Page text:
Monday, July 18, 2011

A Lot of People Suck

It’s just the truth.  Every day I run into plenty of horrible people.  A lot of them are dissatisfied with their position in life for any number of reasons: they work too hard, they don’t work hard enough, they’re bored at work, they’re in a bad relationship, or they just think that they should have accomplished more with their lives by now.

Consequently, they project their own shitty feelings onto everyone else, in the hopes that making other people miserable or ruining their good time will make them feel better about themselves: if they don’t feel good, why should anyone else, right?  This is unfortunately quickly becoming the norm in the service industry, as too many people have forgotten the simple phrase “service with a smile,” and changed it to, “what the fuck do you want?”

What it really comes down to is that too many people are unhappy with their situations, but too afraid to make meaningful changes in their lives.   As a result, our society suffers the consequences of this backward, fear-driven behavior by having to deal with these sucky people all day long.

“How do you know this, dick?”  Because the same thing happened to me.  I got to a point in my old job where I’d come home and snap at someone or just drink myself stupid because of how bored I was.  Even though I didn’t connect-the-dots for a while (yeah, I’m bright like that), at some point, I realized that my job was making me into an asshole.  I wasn’t taking joy in the things that mattered anymore, instead preferring the self-administered anesthetic of booze and shitty TV to pretty much anything else.

At some point, I realized I was a part of the problem.  You can’t complain about assholes all day and then turn around and engage in the same kinds of asshole-y behavior; that would make you a common bitcher.  Instead, I decided I had to change some things in my life, including my career, if I ever wanted to lead the life that I wanted to lead, and stop being such an asshole all of the time.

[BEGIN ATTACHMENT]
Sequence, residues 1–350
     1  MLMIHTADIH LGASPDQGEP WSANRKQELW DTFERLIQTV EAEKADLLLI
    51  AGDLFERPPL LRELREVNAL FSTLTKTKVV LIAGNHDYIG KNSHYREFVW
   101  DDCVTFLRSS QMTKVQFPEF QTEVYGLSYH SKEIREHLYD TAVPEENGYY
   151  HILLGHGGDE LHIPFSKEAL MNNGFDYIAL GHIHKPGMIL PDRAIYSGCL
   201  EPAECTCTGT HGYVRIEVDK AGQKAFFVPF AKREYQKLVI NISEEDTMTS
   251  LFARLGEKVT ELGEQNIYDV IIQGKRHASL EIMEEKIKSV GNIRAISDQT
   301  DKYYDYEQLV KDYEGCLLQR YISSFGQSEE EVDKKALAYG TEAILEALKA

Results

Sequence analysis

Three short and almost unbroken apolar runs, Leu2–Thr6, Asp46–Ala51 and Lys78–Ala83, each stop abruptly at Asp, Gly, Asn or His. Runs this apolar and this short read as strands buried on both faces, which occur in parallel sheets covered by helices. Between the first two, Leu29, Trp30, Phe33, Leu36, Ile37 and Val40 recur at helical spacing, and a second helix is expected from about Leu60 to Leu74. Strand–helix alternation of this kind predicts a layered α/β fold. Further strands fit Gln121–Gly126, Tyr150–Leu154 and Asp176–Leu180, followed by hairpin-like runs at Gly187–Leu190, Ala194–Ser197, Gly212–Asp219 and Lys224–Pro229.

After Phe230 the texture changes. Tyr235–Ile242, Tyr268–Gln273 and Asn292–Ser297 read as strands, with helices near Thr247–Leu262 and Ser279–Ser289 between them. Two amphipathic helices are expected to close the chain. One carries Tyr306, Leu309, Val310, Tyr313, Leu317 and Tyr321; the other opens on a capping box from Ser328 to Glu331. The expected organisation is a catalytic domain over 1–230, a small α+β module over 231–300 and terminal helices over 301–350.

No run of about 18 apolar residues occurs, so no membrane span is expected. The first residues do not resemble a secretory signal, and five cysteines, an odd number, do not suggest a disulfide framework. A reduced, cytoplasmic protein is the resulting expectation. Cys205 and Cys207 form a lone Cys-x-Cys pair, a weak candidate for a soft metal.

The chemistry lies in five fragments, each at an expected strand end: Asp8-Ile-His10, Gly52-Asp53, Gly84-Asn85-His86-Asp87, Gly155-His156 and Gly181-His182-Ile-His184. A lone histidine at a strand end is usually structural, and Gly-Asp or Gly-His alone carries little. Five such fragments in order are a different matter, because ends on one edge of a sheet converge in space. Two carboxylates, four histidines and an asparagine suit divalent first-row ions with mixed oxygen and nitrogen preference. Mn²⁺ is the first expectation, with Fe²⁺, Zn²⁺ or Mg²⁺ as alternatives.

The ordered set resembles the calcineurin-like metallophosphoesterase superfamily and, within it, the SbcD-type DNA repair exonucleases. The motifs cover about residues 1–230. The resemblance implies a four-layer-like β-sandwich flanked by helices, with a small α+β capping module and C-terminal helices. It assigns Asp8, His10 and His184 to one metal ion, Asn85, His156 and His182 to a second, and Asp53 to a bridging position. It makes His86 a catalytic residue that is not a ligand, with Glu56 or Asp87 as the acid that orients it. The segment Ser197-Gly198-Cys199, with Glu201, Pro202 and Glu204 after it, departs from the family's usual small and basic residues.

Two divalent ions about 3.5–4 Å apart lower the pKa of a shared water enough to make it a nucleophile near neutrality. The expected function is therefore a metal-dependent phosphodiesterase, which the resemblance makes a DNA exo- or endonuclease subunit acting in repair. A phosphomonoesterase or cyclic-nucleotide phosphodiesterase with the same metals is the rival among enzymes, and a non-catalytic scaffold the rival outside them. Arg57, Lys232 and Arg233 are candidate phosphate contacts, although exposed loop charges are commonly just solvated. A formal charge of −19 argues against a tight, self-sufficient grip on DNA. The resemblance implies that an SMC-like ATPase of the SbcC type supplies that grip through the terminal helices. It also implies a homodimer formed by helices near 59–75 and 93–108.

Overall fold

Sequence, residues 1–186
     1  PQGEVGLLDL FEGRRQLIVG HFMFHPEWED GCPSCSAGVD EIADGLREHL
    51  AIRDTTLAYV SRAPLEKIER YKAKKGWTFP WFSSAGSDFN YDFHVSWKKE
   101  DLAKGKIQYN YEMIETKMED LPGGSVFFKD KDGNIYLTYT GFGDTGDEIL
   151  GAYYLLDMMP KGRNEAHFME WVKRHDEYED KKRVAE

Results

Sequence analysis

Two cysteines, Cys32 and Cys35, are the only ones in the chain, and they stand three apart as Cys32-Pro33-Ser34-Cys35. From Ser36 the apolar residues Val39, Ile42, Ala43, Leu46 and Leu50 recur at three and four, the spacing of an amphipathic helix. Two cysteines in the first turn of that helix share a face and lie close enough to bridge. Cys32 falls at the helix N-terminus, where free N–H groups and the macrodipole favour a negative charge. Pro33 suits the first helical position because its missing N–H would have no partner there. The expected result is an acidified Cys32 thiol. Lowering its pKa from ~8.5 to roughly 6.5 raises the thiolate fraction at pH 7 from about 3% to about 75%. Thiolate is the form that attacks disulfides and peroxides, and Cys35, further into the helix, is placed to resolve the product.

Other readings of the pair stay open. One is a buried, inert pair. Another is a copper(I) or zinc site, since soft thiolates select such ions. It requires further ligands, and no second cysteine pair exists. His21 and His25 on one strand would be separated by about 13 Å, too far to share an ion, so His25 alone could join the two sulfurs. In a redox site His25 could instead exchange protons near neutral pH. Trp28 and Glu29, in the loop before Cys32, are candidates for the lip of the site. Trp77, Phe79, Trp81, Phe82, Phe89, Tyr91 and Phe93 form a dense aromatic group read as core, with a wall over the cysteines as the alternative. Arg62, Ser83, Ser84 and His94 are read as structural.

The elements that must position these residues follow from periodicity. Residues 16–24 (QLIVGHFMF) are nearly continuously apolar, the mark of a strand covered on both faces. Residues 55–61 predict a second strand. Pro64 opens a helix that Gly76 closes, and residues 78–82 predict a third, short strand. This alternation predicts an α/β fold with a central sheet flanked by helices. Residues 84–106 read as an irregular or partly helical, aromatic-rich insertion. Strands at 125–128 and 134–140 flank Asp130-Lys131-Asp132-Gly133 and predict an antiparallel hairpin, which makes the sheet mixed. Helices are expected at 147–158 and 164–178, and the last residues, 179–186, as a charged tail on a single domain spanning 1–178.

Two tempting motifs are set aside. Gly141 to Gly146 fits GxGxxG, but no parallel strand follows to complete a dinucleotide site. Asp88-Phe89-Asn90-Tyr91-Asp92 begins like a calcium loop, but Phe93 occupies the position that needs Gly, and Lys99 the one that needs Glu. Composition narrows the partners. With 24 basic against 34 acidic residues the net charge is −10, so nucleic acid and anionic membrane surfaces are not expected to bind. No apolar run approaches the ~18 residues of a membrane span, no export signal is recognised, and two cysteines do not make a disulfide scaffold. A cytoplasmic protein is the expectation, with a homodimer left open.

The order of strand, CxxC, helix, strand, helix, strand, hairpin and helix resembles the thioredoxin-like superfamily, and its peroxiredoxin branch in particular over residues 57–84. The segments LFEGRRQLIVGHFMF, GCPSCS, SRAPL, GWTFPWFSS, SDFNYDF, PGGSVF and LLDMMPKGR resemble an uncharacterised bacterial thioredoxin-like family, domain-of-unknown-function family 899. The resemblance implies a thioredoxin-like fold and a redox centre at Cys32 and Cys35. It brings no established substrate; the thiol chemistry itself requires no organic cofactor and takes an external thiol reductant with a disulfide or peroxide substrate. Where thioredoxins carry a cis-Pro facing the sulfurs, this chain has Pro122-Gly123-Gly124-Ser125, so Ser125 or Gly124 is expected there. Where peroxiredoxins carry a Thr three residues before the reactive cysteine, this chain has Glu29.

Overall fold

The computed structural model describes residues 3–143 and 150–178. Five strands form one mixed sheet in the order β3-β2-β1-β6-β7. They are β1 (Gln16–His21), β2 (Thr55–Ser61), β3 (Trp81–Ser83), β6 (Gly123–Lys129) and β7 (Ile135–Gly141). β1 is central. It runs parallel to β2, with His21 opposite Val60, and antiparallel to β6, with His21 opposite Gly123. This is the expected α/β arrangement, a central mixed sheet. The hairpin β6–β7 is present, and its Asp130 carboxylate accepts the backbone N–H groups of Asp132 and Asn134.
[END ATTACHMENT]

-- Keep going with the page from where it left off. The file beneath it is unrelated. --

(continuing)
Now, I’m not perfect by any stretch.  I still have my sucking moments…wait, that sounded bad…”moments of sucking?”  “Sucky moments?”  “Times where I suck?”  Yeah, let’s go with that one.  I still have some times where I suck, but they’ve become far less frequent now that I’ve started to make some meaningful changes in the way that I do things.

I’ve found that there are two equally valid and effective ways to deal with these people.  The first is using your natural wit to counter any of their clumsy attacks on you.  Many people are far too beaten-down or not mentally agile enough to engage the witicist in verbal sparring, so by using wit to disarm the person in question, you’ll often get them to just quietly do their job for the rest of the transaction.

If you aren’t comfortable engaging in a witty repartee with one of these miserable people, then all you can really do is maintain your calm and kill these people with kindness.  At the end of the day, they’re looking to get a rise out of you, so if you don’t give them the satisfaction of becoming flustered, you frustrate their ultimate purpose.  This isn’t to say that you should be a pushover by any stretch—there are ways to be kind, but firm—but kindness can be equally disarming when used against someone who has really thrown in the towel on their situation in life.

I doubt this will lead to a “great cultural shift” in this country; unfortunately, I think the inertia of our shitty school system and the “dumbing-down” of America in general will have us dealing with shitty people for years to come.  But at some point, if you want to make things better, you have to lead by example.  Sure, there will probably be the same number of horrible drivers and idiots behind the counter that want to make your life a living hell, but all you can do is try not to be an asshole about things yourself, and live the life you want to lead.  Don’t let these people get to you, either: that’s exactly what they want and will make their day.  Instead, use either wit or kindness to expose what a horrible person they’re being, so that they can hopefully take steps to clean-up their own lives.  If you change even one person for the better, you’re helping society as a whole.

D.J. Gelner is a writer, entrepreneur, and former attorney in St. Louis, Missouri. You can e-mail him at Follow him on twitter @djgelner. Friend him on facebook here.

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